How to make a list of used custom macros

I used to have a separate file where I store my custom macros. It is nothing more than a huge list of \newcommands and \NewDocumentCommands.

Now, I have a little note that I would like to share with a buddy of mine. I would like to send him a selfcontained LaTeX file, where all the custom macros that I use in the this particular note are included in the header. I don't like to copy-paste all the macros in the header, because I use only a small number of them. Is there a better way than to scan manually through my note and include the macros one by one?

For a better understanding here a MWE:

\documentclass{article}

\usepackage{filecontents}

\begin{filecontents*}{macros.tex}
\newcommand{\macroA}{A}
\newcommand{\macroB}{B}
\newcommand{\macroC}{C}
\newcommand{\macroD}{D}
\end{filecontents*}

\begin{document}
\input{macros.tex}
\macroA and \macroD
\end{document}


I would like to generate the following list:

• \macroA
• \macroD

I found a partial solution with the help of this.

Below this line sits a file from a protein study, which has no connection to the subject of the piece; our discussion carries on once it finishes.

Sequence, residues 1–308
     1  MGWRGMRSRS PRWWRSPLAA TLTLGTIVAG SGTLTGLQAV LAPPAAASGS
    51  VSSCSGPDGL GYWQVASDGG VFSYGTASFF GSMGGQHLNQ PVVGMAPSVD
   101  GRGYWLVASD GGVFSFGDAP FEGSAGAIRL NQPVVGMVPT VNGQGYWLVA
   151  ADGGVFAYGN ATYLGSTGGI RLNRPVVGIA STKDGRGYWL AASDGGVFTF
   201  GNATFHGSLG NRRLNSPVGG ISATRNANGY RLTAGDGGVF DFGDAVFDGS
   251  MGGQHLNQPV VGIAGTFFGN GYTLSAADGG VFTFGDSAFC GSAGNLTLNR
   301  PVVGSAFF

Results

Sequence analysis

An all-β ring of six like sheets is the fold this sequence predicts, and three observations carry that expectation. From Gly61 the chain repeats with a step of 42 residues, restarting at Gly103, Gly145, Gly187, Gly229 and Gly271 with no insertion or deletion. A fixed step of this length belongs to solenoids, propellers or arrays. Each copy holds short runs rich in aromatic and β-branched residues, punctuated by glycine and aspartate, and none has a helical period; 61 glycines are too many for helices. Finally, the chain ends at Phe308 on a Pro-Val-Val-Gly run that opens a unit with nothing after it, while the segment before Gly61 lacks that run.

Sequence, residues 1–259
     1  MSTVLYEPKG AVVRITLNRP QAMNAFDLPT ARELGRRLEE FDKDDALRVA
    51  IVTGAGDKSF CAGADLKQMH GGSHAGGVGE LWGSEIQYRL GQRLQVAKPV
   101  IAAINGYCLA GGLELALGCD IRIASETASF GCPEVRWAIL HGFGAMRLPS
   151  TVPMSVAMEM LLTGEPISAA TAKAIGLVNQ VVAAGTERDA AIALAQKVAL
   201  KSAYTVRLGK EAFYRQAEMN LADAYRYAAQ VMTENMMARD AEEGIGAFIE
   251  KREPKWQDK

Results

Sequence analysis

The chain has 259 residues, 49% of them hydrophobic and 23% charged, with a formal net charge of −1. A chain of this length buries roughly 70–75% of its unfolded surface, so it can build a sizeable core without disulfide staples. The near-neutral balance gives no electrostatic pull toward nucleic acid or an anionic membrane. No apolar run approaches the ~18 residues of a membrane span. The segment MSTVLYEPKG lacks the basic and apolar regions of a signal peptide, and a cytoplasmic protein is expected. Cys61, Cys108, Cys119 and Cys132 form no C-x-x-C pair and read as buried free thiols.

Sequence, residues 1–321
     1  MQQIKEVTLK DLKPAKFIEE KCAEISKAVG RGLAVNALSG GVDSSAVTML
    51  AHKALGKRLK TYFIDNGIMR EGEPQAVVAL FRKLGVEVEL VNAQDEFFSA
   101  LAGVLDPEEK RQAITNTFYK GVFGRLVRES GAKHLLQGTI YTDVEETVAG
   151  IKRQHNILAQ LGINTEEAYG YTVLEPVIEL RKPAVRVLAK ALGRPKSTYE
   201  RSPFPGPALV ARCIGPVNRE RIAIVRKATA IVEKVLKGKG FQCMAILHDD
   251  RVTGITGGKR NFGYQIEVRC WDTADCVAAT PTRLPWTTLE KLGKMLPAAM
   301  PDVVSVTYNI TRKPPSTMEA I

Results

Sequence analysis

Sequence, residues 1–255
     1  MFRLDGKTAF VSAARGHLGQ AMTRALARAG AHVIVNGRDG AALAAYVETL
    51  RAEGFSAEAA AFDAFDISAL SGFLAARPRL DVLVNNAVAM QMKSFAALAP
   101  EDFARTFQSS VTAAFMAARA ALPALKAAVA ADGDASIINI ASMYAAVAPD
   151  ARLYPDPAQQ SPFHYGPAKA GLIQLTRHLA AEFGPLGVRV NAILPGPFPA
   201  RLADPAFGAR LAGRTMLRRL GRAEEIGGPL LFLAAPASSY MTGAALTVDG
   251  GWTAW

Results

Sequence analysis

I use the package cmdtrack and afterwards awk to scan my log-File. (grep or similar program would also be possible.)

The slightly changed MWE looks like

\documentclass{article}

\usepackage{filecontents}

\begin{filecontents*}{macros.tex}
\newcommand{\macroA}{A}
\newcommand{\macroB}{B}
\newcommand{\macroC}{C}
\newcommand{\macroD}{D}
\end{filecontents*}

\usepackage{cmdtrack}
\input{macros.tex}

\begin{document}
\macroA{} and \macroD{}
\end{document}


After compilation I run the following awk-command:

awk ' /was used on line/ { print \$1 }' <file>.log


The result is the following list:

"macroA"
"macroD"


For macros with \newcommands this works but not for macros with \NewDocumentsCommands.

• Where does \NewDocumentCommand come from? – daleif Jul 1 '14 at 15:21
• @daleif the \NewDocumentCommand comes from the package xparse. – crixstox Jul 2 '14 at 10:01
• ahh, my bad, I've always just \DeclareDocumentCommand when using xparse. Since xparse is LTX3, there might be a module for it, otherwise ask on the LTX3 list. Though, I've forgotten how I subscribed to it. – daleif Jul 2 '14 at 10:21
• @daleif You should consider switching to \NewDocumentCommand, because \DeclareDocumentCommand overwrites any previous definition (like \def) while \NewDocumentCommand checks if there is already one defined (like \newcommand). – Henri Menke Jul 31 '14 at 16:30